In summary, the hairstyles of African-Americans have regularly been an important manifestation of social and cultural concerns. Very rarely, however, have these concerns intersected with political ones. For the most part, the various hair styles and ways in which African-Americans have worn their hair have only served as a social distraction. Instead of focusing on political issues that affect these people and the various forms of oppression that they could contend with via a nationalist perspective (Jones 83), a preoccupation with their hair is only another means of factionalism to which these people have always been subjected. The social and cultural concerns about hair, therefore, merely serve to lessen the degree of solidarity existent between African-Americans. Furthermore, virtually the only time that hair has been involved with any sort of political concerns for African-Americans was during the Civil Rights movement when it was fashionable to wear one’s hair in an Afrocentric manner. Even then these hair styles were little more than symbols, and not express manifestations of the sort of hard work required to alter political circumstances. The cultural meme of “good” and “bad” hair also denotes that hair has not had any significant political effect for African-Americans, since “good” hair is the hair that is most akin to that of African-Americans’ oppressor’s . Lastly, all of the elaborate ways that African-Americans have chosen to make their hair resemble Europeans proves that if anything hair has been a political tool for Caucasians to assimilate African-Americans, and not to actually help African-Americans.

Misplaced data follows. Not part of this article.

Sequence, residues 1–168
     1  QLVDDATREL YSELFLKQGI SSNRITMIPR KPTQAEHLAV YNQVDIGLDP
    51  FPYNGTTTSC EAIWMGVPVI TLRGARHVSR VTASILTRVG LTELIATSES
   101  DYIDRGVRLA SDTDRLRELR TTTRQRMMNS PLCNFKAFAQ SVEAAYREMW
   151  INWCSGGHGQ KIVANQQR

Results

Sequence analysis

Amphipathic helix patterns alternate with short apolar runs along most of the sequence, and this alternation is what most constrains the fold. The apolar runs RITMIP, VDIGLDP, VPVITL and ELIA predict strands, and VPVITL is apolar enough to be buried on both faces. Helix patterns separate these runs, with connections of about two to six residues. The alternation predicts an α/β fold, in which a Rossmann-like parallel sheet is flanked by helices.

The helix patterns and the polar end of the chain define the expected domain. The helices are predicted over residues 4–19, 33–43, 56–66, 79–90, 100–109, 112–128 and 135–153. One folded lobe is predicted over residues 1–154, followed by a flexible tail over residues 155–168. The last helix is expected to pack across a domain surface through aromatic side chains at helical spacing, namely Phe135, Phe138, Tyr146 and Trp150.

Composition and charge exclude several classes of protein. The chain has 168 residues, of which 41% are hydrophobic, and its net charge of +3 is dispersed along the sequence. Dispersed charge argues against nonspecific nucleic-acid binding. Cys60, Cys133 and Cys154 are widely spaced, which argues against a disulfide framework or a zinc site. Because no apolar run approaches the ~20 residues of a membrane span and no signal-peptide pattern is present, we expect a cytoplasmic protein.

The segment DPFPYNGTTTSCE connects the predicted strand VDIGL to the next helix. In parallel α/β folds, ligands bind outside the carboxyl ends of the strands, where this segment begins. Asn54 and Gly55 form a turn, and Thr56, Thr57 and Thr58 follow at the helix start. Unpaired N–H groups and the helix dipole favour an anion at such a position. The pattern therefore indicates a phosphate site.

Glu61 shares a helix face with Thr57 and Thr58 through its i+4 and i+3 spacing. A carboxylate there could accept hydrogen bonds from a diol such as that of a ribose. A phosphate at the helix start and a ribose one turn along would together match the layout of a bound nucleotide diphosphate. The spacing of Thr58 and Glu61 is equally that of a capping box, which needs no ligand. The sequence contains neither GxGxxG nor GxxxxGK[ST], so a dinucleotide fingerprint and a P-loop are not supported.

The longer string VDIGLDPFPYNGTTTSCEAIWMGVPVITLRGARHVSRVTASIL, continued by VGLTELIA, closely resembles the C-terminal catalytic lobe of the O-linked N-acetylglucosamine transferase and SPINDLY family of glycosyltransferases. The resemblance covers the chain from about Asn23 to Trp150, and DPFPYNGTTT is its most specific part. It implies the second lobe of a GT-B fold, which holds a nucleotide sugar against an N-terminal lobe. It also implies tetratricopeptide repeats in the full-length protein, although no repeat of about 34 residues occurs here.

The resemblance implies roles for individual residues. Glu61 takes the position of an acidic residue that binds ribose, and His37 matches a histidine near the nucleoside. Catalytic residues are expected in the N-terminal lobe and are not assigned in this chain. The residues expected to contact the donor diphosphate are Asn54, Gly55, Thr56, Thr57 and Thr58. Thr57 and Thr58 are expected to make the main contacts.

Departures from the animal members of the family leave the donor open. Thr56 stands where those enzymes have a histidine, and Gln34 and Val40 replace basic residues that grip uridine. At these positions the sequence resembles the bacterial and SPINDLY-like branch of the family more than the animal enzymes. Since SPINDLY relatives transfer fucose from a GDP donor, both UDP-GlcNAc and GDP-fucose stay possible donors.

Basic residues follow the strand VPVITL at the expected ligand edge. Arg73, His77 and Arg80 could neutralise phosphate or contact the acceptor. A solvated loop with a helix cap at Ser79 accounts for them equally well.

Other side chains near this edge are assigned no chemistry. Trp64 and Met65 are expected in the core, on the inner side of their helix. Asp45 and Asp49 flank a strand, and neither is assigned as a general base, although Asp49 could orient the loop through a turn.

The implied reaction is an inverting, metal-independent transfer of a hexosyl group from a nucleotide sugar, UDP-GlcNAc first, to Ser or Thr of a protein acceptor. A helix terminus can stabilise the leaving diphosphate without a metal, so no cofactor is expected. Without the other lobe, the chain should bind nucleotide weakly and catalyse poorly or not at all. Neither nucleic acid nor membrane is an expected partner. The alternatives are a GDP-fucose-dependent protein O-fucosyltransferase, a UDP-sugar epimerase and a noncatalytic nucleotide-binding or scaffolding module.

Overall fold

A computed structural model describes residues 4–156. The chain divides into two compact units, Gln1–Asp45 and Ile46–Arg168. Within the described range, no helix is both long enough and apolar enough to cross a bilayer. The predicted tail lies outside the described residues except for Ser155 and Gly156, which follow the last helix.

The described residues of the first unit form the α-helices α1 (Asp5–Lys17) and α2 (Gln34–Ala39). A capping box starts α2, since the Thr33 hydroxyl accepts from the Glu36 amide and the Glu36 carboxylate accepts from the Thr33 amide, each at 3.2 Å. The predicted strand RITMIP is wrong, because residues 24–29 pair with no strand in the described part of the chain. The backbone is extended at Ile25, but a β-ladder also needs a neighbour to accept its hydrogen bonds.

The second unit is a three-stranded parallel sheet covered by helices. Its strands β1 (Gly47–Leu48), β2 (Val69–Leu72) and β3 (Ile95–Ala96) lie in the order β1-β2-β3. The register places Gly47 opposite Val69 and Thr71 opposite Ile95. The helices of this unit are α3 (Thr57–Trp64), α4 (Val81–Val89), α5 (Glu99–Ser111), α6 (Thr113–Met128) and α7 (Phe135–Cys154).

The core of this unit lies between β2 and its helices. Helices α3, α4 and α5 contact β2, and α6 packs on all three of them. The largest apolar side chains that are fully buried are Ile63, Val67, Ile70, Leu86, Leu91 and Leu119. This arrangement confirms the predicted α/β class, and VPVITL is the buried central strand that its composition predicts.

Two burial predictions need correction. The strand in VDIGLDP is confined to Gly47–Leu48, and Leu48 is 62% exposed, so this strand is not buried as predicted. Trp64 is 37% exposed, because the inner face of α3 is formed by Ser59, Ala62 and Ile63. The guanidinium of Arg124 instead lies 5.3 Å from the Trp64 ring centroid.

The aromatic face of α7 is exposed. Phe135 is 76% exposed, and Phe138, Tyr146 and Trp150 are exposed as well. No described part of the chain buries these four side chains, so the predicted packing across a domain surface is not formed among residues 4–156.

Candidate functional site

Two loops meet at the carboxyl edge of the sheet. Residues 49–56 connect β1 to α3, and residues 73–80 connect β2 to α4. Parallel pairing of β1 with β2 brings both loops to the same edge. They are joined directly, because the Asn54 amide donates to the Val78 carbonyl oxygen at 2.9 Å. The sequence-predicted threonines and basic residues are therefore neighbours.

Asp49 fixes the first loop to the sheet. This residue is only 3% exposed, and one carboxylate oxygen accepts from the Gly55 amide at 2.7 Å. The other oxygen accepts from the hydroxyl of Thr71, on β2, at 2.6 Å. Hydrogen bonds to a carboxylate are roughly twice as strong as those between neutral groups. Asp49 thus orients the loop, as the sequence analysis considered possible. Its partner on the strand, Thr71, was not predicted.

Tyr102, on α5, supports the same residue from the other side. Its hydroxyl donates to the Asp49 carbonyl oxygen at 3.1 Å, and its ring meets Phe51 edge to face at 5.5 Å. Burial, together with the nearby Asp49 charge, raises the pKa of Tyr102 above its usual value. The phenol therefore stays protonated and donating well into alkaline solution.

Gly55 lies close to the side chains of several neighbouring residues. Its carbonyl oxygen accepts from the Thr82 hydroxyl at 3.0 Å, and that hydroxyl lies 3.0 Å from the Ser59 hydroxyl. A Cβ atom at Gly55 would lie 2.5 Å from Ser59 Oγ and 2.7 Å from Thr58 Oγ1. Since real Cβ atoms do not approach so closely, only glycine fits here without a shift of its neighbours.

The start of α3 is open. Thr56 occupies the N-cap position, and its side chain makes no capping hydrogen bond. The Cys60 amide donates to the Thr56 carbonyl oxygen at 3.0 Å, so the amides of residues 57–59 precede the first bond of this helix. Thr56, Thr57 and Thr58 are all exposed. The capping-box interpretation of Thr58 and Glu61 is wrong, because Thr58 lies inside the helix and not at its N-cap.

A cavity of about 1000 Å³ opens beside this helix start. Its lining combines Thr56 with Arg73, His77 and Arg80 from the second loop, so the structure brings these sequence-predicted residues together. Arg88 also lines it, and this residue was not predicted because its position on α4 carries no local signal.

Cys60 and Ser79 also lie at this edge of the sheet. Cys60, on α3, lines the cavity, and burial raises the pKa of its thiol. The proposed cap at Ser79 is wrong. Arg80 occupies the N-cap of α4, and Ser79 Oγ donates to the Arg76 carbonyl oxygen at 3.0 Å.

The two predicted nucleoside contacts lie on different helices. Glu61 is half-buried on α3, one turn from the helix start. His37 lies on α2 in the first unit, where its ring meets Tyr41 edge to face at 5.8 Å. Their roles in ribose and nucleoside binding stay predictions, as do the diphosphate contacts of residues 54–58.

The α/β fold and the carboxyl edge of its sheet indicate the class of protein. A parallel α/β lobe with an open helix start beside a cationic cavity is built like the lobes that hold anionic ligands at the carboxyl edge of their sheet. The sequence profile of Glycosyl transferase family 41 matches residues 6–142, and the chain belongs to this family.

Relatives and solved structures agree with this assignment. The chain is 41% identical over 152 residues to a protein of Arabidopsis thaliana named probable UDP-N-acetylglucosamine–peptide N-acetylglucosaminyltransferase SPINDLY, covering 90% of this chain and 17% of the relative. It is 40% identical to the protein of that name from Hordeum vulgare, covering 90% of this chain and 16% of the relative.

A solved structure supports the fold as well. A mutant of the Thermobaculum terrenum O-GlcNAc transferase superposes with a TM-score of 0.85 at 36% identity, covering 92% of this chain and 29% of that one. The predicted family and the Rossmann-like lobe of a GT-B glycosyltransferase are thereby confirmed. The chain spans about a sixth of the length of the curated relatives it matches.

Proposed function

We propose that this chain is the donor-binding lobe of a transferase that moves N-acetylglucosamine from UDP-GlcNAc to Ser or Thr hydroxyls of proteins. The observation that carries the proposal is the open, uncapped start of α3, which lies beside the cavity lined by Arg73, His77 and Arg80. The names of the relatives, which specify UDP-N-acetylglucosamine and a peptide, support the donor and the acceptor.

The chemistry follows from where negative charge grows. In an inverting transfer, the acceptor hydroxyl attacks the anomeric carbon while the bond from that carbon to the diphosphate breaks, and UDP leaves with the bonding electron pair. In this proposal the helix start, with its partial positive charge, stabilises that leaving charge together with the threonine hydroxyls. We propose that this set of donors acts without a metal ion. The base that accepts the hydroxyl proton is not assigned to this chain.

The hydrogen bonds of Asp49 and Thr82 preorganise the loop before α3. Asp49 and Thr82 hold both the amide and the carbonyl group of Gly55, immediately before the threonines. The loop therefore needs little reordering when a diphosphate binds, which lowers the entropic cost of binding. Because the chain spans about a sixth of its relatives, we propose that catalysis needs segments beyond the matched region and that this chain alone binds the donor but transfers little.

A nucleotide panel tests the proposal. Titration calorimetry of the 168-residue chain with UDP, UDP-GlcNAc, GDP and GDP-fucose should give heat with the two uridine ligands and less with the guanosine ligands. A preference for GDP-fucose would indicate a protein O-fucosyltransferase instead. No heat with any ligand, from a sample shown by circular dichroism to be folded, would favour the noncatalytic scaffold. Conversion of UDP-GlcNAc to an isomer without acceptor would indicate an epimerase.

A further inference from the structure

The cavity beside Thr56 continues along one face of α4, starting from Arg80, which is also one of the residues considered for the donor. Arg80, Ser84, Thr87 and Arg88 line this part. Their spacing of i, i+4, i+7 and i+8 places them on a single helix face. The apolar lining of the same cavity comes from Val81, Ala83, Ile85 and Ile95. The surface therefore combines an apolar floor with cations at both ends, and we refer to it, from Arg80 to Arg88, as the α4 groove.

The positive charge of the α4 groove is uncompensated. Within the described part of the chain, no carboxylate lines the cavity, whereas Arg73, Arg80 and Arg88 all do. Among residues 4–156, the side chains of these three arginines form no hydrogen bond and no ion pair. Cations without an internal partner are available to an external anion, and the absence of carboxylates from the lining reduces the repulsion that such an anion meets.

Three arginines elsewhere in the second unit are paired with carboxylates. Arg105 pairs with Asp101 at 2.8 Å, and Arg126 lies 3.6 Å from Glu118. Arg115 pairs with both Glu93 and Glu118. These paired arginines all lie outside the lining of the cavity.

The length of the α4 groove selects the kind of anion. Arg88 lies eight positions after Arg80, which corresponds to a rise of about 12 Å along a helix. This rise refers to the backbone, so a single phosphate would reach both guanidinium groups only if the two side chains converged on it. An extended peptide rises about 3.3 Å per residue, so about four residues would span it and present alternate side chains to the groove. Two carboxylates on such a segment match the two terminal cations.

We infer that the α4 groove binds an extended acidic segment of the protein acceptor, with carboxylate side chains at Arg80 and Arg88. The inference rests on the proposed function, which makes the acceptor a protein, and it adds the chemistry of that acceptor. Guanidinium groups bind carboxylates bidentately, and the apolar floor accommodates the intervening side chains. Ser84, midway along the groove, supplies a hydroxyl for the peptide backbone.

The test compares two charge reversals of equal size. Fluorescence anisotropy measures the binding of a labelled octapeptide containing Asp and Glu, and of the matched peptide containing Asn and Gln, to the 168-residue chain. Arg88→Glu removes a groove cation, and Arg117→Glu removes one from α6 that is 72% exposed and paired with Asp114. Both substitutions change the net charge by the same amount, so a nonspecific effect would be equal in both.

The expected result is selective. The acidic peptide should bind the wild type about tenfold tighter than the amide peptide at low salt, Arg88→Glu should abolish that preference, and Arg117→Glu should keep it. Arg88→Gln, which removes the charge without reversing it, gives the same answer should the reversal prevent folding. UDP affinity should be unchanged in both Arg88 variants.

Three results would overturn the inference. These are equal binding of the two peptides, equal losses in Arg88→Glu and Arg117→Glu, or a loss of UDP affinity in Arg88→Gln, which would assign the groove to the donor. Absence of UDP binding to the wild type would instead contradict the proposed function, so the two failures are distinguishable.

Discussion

Baraka, Amiri. The Autobiography of LeRoi Jones. Chicago: Lawrence Hill Books. 1984. Print.
Bowen, John. “The Myth of Global Ethnic Conflict.” Journal of Democracy 7(4): 3-14. 1996. Print.
Haley, Alex. The Autobiography of Malcolm X New York: The Random House Publishing Group. 1964. Print.
Jacques-White, Lorraine. The Politics of Black Hair: The Impact Hair Has Had on The Life of the Black Woman. http://atlanta.cbslocal.com / 2012. Web. http://atlanta.cbslocal.com/2012/08/19/the-politics-of-black-hair-the-impact-hair-has-on-the-life-of-the-black-woman/
Jones, LeRoi. Home. New York: William Morrow & Company. 1967. Print.
Lester, Neal. “Nappy Edges and Goldy Locks: African-American Daughters and the politics of Their Hair.” The Lion and the Unicorn. 24(2) 201-224.
Louis, Catherine Saint. “Black Hair, Still Tangled in Politics.” The New York Times. 2009. Web.